Monday, 27 September 2010

Very proud to be from Thringstone

Back in the summer of 1973 I was brought from the maternity unit of Leicester Royal Infirmary and taken to what would become my home for the next 25 years of my life on Main Street in Thringstone.

In those 25 years there appeared to me to be very little change in the village.

I can vividly remember daily walks to and from Thringstone Primary School, my regular drink (when I was slightly older) on a Thursday night at the Queens Head after badminton at the Community Centre, and crossing the road on what seemed like a daily basis to Foxons shop for either a bar of chocolate or a comic (my weekly edition of 'Match' was my favourite).

So vivid are my memories of Foxons I am still slightly perturbed now when I go down Main Street and realise I can't buy a copy of the Dandy (I was never a Beano man) but I could have my roots done if I wanted.

When I left Thringstone to get married, I didn't exactly move far - only to Whitwick, in some ways I failed to notice that the village was changing.

First one pub closed, and then almost overnight all of them were gone. The newsagent shut. Even Thringstone Aquatics was gone.

The only constant seems to be Ruby's (where I still go for my fabulous fish and chips) but even Michael and Sonia have reduced trading hours. Long gone are the times when you could call in for a post-pub portion of chips and battered sausage. There is, after all, no point in staying open that late when there are no post-pub customers left to serve.

Yet, even from this position of many long-treasured family businesses closing over the past few years there has been a reawakening of community spirit in the village. Much of this has been down to the success of what was initially a small but now growing number of dedicated people who formed the 'Friends of Thringstone' group.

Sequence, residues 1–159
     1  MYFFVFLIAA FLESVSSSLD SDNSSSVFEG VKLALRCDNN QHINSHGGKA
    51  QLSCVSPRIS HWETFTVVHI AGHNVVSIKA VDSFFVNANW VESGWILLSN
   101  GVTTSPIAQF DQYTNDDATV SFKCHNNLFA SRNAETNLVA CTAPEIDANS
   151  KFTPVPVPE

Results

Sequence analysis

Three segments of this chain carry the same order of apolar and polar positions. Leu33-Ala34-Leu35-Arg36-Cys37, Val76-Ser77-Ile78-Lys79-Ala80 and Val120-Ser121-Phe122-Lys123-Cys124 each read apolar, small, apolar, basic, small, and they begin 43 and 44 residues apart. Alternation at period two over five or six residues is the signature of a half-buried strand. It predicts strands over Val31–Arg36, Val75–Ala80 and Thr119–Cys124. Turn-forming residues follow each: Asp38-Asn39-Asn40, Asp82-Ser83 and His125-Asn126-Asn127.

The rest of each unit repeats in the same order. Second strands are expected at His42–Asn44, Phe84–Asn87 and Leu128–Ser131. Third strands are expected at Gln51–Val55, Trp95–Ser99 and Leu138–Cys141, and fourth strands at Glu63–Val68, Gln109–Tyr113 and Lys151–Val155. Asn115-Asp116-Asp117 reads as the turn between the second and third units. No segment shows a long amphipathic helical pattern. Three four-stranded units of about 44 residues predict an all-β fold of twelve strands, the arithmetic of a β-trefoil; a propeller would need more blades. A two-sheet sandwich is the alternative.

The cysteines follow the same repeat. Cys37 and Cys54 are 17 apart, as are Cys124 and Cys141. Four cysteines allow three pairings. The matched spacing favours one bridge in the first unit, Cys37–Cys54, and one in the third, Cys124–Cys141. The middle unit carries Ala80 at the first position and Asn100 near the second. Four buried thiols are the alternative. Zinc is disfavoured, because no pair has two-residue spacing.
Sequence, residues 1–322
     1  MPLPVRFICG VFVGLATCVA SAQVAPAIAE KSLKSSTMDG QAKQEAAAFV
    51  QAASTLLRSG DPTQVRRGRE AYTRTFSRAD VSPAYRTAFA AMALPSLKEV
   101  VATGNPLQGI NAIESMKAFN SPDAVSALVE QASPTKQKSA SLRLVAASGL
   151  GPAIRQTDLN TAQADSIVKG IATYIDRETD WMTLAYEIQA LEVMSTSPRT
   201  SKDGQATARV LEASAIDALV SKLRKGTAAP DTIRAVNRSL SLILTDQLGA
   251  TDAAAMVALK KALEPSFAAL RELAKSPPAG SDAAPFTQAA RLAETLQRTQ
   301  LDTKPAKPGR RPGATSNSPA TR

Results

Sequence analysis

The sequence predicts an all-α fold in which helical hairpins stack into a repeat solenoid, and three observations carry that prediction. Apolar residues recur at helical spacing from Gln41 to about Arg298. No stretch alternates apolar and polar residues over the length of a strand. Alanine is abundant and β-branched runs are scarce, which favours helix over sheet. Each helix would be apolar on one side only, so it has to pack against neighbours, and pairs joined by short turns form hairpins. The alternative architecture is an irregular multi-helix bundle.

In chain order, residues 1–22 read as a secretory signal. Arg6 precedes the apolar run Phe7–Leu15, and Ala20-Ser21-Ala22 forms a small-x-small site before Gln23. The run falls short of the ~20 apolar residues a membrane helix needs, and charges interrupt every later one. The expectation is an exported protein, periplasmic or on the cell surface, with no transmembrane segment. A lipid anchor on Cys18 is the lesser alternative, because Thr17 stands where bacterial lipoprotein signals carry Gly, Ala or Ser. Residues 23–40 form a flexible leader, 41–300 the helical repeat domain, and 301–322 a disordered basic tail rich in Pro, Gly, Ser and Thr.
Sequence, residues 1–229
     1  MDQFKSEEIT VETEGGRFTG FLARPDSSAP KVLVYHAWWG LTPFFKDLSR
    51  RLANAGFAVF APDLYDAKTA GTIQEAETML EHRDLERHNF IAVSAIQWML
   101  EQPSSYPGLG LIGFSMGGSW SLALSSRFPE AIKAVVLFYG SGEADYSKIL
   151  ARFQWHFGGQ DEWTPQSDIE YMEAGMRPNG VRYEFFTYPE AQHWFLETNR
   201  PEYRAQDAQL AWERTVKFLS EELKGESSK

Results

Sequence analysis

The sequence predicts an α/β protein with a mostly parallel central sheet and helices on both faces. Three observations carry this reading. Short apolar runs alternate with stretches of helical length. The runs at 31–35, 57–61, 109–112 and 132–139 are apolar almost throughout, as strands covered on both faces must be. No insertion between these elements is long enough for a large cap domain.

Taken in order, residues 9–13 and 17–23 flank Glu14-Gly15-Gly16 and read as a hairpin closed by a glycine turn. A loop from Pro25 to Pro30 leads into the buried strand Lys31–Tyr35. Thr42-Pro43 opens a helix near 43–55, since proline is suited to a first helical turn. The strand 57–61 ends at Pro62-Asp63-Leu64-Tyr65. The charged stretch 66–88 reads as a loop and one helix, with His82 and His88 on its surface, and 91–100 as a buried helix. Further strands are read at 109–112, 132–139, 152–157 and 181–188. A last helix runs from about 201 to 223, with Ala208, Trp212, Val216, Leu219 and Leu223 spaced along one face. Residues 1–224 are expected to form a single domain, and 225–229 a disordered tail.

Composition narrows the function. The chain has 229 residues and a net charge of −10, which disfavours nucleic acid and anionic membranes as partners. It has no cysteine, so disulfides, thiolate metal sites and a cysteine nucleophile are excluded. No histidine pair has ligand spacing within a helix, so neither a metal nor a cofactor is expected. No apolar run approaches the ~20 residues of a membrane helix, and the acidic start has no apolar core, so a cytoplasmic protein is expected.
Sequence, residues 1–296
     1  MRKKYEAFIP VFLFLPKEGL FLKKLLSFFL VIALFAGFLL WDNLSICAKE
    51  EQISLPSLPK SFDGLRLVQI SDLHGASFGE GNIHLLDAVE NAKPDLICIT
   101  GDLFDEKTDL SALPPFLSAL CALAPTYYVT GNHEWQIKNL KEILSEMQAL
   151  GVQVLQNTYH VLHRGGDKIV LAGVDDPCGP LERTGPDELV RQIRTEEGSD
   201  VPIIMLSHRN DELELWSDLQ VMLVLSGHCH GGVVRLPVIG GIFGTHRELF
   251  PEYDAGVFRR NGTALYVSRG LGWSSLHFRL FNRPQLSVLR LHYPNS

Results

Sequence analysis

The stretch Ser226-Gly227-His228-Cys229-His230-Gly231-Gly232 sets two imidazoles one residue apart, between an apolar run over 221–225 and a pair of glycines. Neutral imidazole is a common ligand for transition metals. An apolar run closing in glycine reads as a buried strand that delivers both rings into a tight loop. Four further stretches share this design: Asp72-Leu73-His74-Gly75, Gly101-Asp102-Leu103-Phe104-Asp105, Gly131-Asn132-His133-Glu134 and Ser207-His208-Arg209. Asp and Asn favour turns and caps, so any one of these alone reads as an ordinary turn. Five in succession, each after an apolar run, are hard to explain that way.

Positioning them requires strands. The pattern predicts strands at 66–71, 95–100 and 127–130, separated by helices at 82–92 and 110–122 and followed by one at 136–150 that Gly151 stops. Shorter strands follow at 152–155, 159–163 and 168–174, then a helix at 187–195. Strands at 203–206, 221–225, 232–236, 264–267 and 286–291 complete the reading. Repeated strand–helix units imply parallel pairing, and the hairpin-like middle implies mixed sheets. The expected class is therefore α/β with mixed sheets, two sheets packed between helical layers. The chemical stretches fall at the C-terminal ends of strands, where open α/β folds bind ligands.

The stated aims of the Friend of Thringstone are to '...improve the environment of Thringstone and to preserve and promote its history for the benefit of residents and visitors'. And boy, they are doing a cracking job!

Take a walk around the village and you will see how much pride there is. Have a look at the flower beds and other planting schemes. Ponder on the historic blue plaques. Stroll down to Bob's Closs (it was always massively overgrown when I was a kid). Have a read of some of the excellent local history booklets that have been produced....and this is only the tip of the iceberg.

The thing that particularly strikes me when I am in Thringstone is the lack of litter. This is in no small part down to the regular litter picks that Friend of Thringstone organise and everyone who live or visits the village should be thankful for this.

If you want to know more about the Friends of Thringstone take a look at their comprehensive website at . You will see I am doing them a huge disservice when I mention only a few of the many things they have accomplished.

OK, the village still hasn't got a pub on The Green and some of the businesses have closed but due to the fantastic work of groups like Friends of Thringstone I am very proud to say that's where I'm from.

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